So I took my practice to the field. A blind in the woods was definitely a different environment from my bedroom at home, but my hands quickly remembered their job and I was able to produce the same sounds fairly consistently. Once I felt comfortable with the box call, I knew it was time to move on to more complex calls.
Try For Variety
It’s easy to stick to what you know, but to improve your skills, you need to branch out. Slate or pot calls also require two hands, but they are a little bit more difficult to master. With practice you can make a variety of sounds with your slate. And depending on the material the slate and striker are made from, you can have a variety of turkey sounds for every situation.
Mouth or diaphragm calls are efficient because they can be used hands-free, but they are also more difficult to operate. For some people (like me), they are nearly impossible. I have a horrible gag reflex, so having something in my mouth and attempting to manipulate said tool turns into a game of trying not to choke to death. The more I try, the better I am able to tolerate a mouth call, but for now, they are definitely my nemesis.
And that’s OK. There is a call out there for everyone—many more than I have mentioned here. You just have to find what works best for you if you are interested in improving your turkey talk. If calling isn’t for you, there are other options for successful turkey hunting.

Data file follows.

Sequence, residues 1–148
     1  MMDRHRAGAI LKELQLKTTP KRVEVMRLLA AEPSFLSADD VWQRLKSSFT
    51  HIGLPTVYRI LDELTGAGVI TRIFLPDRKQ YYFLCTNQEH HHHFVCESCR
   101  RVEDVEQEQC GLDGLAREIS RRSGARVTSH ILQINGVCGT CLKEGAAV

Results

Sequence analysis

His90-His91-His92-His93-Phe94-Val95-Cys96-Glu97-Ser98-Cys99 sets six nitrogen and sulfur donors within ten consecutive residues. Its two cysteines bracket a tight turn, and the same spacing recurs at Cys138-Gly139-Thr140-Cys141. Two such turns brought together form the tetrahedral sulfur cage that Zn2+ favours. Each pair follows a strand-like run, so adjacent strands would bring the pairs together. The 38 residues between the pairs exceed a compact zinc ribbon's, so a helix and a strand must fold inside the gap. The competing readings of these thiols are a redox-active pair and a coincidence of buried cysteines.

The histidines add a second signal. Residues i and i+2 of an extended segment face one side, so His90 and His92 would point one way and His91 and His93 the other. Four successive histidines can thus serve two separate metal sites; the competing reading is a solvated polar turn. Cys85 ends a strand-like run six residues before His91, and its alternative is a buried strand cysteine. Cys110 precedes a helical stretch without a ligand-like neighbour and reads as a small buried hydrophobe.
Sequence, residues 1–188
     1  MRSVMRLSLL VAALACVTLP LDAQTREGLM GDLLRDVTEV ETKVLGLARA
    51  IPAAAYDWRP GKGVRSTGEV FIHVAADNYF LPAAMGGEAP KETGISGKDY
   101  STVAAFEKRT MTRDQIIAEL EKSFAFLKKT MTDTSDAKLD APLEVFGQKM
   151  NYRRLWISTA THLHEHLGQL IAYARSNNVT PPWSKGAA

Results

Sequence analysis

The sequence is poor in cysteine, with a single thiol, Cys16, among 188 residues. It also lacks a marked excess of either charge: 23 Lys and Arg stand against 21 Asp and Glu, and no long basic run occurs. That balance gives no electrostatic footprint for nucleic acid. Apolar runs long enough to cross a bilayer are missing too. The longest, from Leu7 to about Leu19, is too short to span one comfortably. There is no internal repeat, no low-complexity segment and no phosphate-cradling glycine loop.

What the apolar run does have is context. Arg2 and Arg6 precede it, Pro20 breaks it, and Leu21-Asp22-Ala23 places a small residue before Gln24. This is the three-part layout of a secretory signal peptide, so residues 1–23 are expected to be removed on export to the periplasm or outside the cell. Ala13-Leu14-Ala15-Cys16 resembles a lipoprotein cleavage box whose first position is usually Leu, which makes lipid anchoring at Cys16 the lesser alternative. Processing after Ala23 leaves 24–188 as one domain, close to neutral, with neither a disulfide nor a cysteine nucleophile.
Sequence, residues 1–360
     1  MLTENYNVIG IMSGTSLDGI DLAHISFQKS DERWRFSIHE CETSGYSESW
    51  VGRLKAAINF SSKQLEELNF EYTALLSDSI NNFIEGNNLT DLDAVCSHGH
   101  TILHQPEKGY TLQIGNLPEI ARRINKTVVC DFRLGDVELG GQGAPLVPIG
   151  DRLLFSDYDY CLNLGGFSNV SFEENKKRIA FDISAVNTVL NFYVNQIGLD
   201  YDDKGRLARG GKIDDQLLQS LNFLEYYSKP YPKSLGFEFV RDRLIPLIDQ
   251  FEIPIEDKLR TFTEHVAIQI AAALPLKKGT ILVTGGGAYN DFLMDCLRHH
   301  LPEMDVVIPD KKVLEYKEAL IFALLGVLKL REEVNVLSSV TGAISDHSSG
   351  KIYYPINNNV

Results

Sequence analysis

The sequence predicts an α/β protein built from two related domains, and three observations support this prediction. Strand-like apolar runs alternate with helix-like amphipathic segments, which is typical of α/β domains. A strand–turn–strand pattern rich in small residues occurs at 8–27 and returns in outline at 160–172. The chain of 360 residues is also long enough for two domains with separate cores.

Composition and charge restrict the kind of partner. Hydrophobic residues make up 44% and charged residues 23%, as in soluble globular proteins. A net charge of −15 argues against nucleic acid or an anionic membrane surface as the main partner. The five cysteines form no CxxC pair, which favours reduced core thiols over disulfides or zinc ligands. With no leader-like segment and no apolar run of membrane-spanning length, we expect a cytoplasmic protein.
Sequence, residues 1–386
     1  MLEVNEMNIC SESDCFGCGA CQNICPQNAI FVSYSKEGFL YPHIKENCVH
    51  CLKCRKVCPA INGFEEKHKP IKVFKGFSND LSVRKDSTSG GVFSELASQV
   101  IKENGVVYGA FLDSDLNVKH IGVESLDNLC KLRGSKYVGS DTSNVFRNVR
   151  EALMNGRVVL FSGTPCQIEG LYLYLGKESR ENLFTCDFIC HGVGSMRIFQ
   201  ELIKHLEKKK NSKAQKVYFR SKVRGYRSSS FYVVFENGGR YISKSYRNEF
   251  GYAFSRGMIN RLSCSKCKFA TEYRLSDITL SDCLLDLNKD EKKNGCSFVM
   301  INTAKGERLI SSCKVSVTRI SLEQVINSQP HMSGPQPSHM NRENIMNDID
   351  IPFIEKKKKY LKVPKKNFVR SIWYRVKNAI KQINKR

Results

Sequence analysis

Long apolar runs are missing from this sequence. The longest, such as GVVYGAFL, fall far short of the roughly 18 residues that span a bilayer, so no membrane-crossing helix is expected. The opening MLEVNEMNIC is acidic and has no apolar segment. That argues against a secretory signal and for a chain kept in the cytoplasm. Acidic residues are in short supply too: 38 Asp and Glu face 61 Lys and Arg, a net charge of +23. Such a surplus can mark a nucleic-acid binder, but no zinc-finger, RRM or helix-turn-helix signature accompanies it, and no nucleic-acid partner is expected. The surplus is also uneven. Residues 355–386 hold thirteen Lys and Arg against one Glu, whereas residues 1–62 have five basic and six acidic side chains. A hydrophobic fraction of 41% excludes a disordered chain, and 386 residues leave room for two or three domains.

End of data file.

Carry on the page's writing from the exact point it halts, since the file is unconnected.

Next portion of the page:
I’d never used a decoy until we started turkey hunting. With so many choices flooding the market, if you don’t have enough experience to have an opinion, sometimes your budget can make the decision for you. We bought an inexpensive hen decoy (MSRP: $17.38) and borrowed a few toms from a friend and started learning. We placed decoys in different positions to simulate various scenarios and tried to use similar calls with each setup. It was a lot of fun—the turkeys either interacted with or completely ignored our efforts. And that led us to the best lesson of all.
Watch and Listen
Sometimes the best way to learn about hunting is to put down the shotgun and observe what’s going on around you. There is something awe-inspiring about hearing the turkeys begin their morning chatter as the sun rises. It can be magical to watch their interaction with each other and their surroundings. It’s easy to let nerves or excitement cause you to miss the moments that can teach you to be a better hunter. Next time you’re out in the woods, whether in hunting season or out, don’t forget to pay attention and appreciate the details.
At the end of the day, regardless of which call you use—or if you call at all—you have to take a chance to learn something new. If you have never tried turkey hunting and are interested, reach out to a friend or women’s program for ideas. Brenda suggests, “Recruit a mentor if possible; it makes the learning curve less steep.” Don’t let the seeming complexity of turkey calling intimidate you, and be brave enough to strike out on your own. At the very least, you’ll have a great day in the woods.
Ashlee Lundvall writes a blog titled "Redefining Life," that follows her rise from a debilitating injury as a teenager to Ms. Wheelchair USA in 2013. Her first book, "A Redefined Life," was released in February of 2016, and she was recently invited to join the National Pro Staff for Mossy Oak and the NRA’s Disabled Shooting Sports committee, and is on the President's Council for Sports, Fitness & Nutrition. Ashlee is also the recipient of the 2017 SCI Foundation Pathfinder Award. Ashlee truly shines as a keynote speaker at outdoor industry and disability related events and conferences. She is passionate about mentoring newly injured patients, and loves to pass on her love for adapted outdoor recreation! View all posts by Ashlee Lundvall